To assess the effect of rHA-Infestin-4 on coagulation, we studied the activity of FXIII, which is downstream from and affected by FXII and responsible for cross-linking fibrin clots. In mice with SBI, we found diffuse SPECT signal in the ipsilateral brain hemisphere, indicating that the injected microemboli induced intravascular coagulation once they lodged in the brain. The location of the SPECT signal was corroborated by ex vivo autoradiography, which also showed that activity colocalized with microbeads and thromboemboli on fluorescence reflectance images (Figs. 4 and 5).⇓⇓
There was a significant reduction in the amount of FXIII activity after rHA-Infestin-4 administration in SBI caused by both injection of thromboemboli (Fig. 4) and microbeads (Fig. 5). This was corroborated by ex vivo autoradiography exposure of brain sections (middle panels of Figs. 4 and 5). The overall degree of factor XIII activity reduction is visualized on the 3-dimensional SPECT-CT images (Figs. 4 and 5, left panels). Immunohistochemical staining for FXIII confirmed in vivo imaging results (Fig. 6).
rHA-Infestin-4 does not alter MPO activity in the brain after SBI
To assess MPO activity in vivo, we performed MRI 3 days after SBI using the molecular imaging agent MPO-Gd. In a cohort of normal mice, no enhancement was found after injection of MPO-Gd (data not shown). In mice with SBI, we found diffuse enhancement after injection of MPO-Gd, colocalizing with the embolic material on ex vivo fluorescence images (Figs. 7 and 8).⇓⇓ Injection of microbeads induced more MPO activity compared with thromboemboli (contrast-to-noise ratio: microbeads 36 ± 1; thromboemboli 23 ± 2; p < 0.05) and larger lesions (number of MPO-Gd–positive voxels in the brain: microbeads 3,162 ± 1,435; thromboemboli 548 ± 207; p = 0.05).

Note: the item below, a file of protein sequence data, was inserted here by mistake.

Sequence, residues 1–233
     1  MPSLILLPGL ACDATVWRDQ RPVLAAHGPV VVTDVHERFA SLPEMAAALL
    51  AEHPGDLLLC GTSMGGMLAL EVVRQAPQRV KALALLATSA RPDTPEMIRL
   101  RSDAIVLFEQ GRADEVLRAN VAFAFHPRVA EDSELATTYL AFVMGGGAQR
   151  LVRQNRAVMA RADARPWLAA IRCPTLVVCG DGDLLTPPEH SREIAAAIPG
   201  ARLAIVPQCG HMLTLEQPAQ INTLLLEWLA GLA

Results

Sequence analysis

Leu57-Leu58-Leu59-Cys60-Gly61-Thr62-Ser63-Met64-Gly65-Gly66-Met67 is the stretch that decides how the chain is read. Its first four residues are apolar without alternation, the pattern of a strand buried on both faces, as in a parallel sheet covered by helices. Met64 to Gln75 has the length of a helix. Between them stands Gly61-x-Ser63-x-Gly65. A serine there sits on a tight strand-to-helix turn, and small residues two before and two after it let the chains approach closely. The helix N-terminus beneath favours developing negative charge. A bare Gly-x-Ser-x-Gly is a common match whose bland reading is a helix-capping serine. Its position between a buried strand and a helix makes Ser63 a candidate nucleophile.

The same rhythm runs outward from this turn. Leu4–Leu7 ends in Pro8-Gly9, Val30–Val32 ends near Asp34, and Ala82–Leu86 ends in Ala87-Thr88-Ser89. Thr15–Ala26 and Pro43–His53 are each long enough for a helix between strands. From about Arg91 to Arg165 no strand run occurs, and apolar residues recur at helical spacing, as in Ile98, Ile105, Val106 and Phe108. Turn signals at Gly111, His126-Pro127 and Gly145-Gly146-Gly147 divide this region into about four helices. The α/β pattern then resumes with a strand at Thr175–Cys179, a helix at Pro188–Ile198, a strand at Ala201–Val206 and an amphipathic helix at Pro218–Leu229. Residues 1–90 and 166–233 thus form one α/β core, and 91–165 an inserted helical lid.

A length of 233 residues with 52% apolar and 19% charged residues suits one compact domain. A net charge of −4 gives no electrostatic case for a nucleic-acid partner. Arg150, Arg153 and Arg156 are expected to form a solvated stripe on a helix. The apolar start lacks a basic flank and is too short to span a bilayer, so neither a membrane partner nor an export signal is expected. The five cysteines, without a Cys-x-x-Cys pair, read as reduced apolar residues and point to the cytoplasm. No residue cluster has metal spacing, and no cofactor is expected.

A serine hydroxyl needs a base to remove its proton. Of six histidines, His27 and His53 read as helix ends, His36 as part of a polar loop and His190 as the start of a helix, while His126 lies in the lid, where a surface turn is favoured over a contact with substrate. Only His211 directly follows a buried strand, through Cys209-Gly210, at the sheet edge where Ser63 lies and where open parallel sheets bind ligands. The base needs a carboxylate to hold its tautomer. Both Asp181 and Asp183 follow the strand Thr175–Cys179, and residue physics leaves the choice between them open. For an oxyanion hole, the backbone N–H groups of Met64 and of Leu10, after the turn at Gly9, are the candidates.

In both models, there was a trend toward a decrease in MPO-Gd–positive volume after rHA-Infestin-4 treatment. Interestingly, after accounting for infarct volume, we found that the normalized MPO-positive volume did not change after treatment (Figs. 7 and 8). The average contrast-to-noise ratio of MPO-positive lesions was also unchanged (Figs. 7 and 8).
Due to the absence of severe clinical signs and symptoms, SBI is a complication of medical procedures that is difficult to diagnose and therefore often overlooked. Increased use of diffusion-weighted MRI has provided evidence that the incidence of SBI increases with age and vascular procedures. There is no clinical treatment available. We used a mouse model that reflects the heterogeneous pathophysiology of SBI by using microthrombi and microbead embolism to study the sequelae of SBI with respect to intravascular activation of the coagulation system and the inflammatory response. Regardless of the material for the microemboli, in the absence of stroke-like symptoms, we found activation of the clotting cascade in the vicinity of the microemboli, measured by SPECT-CT imaging FXIII activity, a clotting factor that is involved in the final step of the coagulation cascade. We further detected increased inflammatory activity, reported by MPO MRI. Furthermore, we report that rHA-Infestin-4, a recombinant factor XIIa inhibitor fused to human albumin for prolongation of its half-life, significantly reduced both FXIII activity and the burden of microinfarction. These findings suggest rHA-Infestin-4 as a potential treatment in patients with a diagnosis of SBI.